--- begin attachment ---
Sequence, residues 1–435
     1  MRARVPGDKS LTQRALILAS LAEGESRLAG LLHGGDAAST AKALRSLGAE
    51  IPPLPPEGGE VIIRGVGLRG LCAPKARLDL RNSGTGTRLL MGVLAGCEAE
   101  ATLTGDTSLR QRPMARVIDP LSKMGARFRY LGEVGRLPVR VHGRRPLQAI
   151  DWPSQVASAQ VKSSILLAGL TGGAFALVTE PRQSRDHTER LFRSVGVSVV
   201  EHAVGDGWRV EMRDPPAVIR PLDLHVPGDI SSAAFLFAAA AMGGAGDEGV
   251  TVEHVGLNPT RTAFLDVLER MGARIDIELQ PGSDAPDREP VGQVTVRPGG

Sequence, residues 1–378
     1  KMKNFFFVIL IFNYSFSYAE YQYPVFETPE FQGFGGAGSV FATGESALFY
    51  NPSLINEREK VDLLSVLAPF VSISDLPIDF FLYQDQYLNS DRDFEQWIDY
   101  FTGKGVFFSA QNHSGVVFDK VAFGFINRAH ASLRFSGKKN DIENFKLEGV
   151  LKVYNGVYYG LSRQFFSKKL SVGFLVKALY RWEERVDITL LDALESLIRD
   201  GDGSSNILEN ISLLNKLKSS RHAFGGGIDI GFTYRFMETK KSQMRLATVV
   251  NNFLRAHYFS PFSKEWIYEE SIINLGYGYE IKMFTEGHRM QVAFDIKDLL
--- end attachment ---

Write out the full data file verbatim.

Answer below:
Sequence, residues 1–435
     1  MRARVPGDKS LTQRALILAS LAEGESRLAG LLHGGDAAST AKALRSLGAE
    51  IPPLPPEGGE VIIRGVGLRG LCAPKARLDL RNSGTGTRLL MGVLAGCEAE
   101  ATLTGDTSLR QRPMARVIDP LSKMGARFRY LGEVGRLPVR VHGRRPLQAI
   151  DWPSQVASAQ VKSSILLAGL TGGAFALVTE PRQSRDHTER LFRSVGVSVV
   201  EHAVGDGWRV EMRDPPAVIR PLDLHVPGDI SSAAFLFAAA AMGGAGDEGV
   251  TVEHVGLNPT RTAFLDVLER MGARIDIELQ PGSDAPDREP VGQVTVRPGG

Sequence, residues 1–378
     1  KMKNFFFVIL IFNYSFSYAE YQYPVFETPE FQGFGGAGSV FATGESALFY
    51  NPSLINEREK VDLLSVLAPF VSISDLPIDF FLYQDQYLNS DRDFEQWIDY
   101  FTGKGVFFSA QNHSGVVFDK VAFGFINRAH ASLRFSGKKN DIENFKLEGV
   151  LKVYNGVYYG LSRQFFSKKL SVGFLVKALY RWEERVDITL LDALESLIRD
   201  GDGSSNILEN ISLLNKLKSS RHAFGGGIDI GFTYRFMETK KSQMRLATVV
   251  NNFLRAHYFS PFSKEWIYEE SIINLGYGYE IKMFTEGHRM QVAFDIKDLL